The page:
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Superport loses out as harbour dues leave town for Ottawa

-by Bill Dunphy

    The Canso Superport Corporation makes money, but it’s money that gets sent to Ottawa and isn’t reinvested locally.
    Tim Gilfoy, the chief executive officer for the corporation, told Port Hawkesbury Town Council’s Committee of the Whole that someone has to take the lead to change that.
    Gilfoy made a presentation to council at a meeting held virtually on Wednesday of last week.
    He told council that the CSC needs to be recognized under the Canada Port Authorities, which operate at arm’s length of the government.

    “There are 18 CPAs and if you insert Port Hawkesbury in among them, we rank seventh in terms of the volume of traffic we have here,” he said.
    According to the Canada Marine Act, CPAs set the business direction and make commercial decisions for the port; set their own fees (for example, berthage, and wharfage fees) but such fees must be fair; are responsible for maintaining and dredging commercial shipping channels; and act as landlords, leasing their port operations to private operators.
    CPAs must be financially self-sufficient. They don’t receive federal funding to meet operating costs or deficits. CPAs finance their capital projects using their own revenues. But they can also partner with the private sector, borrow from a commercial lender or apply for certain federal grants related to infrastructure, the environment or security.
    “We feel quite strongly that any revenue collected at the port should be reinvested in the port,” Gilfoy said, noting that the Superport’s assets have grown from $2.4 million to $14 million since the corporation’s inception.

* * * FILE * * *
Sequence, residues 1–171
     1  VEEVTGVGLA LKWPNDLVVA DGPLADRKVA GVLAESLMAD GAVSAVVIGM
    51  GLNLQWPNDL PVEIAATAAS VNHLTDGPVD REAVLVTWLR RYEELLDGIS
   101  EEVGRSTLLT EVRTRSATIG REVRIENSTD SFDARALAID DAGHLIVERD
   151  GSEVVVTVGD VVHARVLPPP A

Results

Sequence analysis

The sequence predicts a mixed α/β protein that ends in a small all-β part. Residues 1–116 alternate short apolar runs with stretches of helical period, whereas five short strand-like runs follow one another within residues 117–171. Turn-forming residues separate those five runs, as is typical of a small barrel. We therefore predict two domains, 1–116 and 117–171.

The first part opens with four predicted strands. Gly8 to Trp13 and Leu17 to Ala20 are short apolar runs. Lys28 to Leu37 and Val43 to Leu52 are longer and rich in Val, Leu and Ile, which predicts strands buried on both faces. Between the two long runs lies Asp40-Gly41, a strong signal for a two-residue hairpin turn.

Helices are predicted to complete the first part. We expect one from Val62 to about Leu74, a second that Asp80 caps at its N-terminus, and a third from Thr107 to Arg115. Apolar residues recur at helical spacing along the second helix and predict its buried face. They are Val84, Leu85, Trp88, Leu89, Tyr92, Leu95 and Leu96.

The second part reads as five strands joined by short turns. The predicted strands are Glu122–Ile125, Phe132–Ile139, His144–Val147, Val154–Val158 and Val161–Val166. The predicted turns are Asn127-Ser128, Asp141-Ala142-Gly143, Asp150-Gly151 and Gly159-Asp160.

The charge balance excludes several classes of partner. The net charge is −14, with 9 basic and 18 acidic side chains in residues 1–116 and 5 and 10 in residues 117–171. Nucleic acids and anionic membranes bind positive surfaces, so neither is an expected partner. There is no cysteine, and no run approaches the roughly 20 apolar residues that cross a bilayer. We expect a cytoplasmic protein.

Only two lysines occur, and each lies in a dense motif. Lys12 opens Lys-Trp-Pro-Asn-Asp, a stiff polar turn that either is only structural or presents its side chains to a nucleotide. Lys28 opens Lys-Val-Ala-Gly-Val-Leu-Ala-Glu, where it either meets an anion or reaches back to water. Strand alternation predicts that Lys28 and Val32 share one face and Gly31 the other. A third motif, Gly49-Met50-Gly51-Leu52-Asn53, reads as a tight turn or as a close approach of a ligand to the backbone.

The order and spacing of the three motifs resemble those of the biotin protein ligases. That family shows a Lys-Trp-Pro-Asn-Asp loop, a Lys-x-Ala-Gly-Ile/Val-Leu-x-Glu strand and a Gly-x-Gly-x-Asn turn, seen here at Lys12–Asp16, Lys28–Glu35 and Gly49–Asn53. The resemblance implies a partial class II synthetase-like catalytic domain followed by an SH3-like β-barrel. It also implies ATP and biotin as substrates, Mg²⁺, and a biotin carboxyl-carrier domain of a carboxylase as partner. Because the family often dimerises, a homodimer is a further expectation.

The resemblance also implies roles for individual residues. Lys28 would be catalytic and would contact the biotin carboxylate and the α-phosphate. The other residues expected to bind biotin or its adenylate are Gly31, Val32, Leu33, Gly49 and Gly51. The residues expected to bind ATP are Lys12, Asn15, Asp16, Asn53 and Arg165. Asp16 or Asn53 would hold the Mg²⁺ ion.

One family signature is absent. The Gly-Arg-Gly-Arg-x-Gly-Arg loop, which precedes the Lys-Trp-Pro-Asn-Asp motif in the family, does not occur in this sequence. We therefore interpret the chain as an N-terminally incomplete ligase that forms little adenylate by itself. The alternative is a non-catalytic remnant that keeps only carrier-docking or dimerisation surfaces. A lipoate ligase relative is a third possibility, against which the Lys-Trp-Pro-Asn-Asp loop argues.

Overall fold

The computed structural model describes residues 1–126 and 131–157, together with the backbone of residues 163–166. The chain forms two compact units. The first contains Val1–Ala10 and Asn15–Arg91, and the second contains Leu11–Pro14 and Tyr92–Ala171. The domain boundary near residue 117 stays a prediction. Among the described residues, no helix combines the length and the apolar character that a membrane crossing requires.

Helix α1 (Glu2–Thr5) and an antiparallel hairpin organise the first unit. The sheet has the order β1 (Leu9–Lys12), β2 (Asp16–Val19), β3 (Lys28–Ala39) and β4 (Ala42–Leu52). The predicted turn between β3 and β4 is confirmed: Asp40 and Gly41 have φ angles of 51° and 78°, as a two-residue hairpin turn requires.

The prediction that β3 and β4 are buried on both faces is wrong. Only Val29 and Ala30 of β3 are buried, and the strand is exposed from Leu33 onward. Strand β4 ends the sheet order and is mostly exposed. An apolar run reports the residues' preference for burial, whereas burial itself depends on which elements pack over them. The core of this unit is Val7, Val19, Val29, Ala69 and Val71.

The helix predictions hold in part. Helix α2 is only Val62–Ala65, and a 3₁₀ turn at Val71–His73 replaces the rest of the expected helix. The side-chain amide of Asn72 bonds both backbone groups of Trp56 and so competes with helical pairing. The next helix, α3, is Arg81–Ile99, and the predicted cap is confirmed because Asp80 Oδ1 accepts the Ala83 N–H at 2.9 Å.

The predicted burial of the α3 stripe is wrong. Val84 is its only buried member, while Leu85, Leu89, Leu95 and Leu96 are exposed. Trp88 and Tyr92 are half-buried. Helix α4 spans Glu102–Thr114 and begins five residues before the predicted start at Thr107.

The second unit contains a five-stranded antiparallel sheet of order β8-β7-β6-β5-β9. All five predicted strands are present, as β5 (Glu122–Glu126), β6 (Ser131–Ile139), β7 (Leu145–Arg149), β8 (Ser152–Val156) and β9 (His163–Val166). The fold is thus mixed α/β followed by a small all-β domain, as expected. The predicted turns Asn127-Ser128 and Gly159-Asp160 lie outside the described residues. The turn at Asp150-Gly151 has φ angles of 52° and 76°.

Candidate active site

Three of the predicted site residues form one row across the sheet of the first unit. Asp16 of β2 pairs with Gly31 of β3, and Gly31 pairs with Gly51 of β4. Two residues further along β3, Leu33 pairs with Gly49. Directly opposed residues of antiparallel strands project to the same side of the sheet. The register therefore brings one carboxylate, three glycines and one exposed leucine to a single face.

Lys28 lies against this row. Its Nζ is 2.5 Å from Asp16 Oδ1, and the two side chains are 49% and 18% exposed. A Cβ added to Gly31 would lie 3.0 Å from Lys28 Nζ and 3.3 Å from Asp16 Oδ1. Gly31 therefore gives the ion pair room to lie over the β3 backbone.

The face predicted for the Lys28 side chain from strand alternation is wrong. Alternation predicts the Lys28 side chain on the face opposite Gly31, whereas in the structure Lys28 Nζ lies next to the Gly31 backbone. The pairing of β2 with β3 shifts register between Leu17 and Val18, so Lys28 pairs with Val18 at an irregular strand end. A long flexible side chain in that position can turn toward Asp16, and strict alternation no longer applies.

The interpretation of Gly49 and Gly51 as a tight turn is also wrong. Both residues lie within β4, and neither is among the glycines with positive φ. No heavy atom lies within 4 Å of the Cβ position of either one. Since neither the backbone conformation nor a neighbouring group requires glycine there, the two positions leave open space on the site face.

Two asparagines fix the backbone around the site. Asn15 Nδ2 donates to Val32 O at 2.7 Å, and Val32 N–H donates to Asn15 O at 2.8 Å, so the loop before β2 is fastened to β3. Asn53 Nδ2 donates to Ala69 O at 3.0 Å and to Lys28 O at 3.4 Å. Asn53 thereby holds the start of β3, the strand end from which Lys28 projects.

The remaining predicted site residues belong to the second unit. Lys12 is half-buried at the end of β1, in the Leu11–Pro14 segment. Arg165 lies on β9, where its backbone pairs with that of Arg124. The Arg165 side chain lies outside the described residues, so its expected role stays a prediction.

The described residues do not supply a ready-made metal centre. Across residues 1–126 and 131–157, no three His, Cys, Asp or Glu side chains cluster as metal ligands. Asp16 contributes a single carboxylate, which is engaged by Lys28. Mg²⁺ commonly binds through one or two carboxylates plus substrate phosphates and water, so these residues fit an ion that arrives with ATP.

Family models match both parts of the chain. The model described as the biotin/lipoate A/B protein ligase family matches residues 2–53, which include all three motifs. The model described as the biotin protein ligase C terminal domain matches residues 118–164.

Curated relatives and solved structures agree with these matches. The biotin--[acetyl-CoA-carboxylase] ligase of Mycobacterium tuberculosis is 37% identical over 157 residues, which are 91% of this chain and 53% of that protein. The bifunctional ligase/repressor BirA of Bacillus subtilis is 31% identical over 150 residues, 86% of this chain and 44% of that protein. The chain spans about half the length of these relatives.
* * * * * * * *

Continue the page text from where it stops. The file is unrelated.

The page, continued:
He told council that before 2008, harbour dues collected were around $1.2 million. That dropped to $700,000 a couple of years ago and is now around $500,000.
    “They don’t do maintenance, there’s no dredging, no ice – in a lot of ways it’s a tax,” he said.
    When asked by deputy mayor Blaine MacQuarrie what obstacles the CSC faces, Gilfoy said, “The one important thing we’re not able to achieve is going forward in a unified voice. If we don’t have a unified voice, we won’t get far with Transport Canada.”
    Gilfoy said the reluctance lies in a governance structure for the industrial base. “Our main goal is to develop a structure where harbour dues stay here for reinvestment. We’re unable to convince everyone to get in and restructure to meet everyone’s needs.”
    The Canso Superport Corporation includes the wharves at Mulgrave, Port Hastings, and Port Hawkesbury. Gilfoy said ships that dock at one wharf and then another are paying harbour dues twice, which is a disincentive for shipping.
    “There are boundary lines for each port and if a vessel crosses those arbitrary lines, they can be charged harbour dues twice. We’re advocating that those boundary lines be erased,” he said.
    MacQuarrie said the potential for future employment opportunities is around the port.
    Councillor Hughie MacDougall said the port is one of the top concerns of the District Planning Commission. “How can we promote that to create employment, as a town or as an area?”
    “There has to be an entity to lead,” said Gilfoy. “It’s important to lobby the provincial and federal governments for funding opportunities, but unfortunately, ports like ours are unable to apply.”















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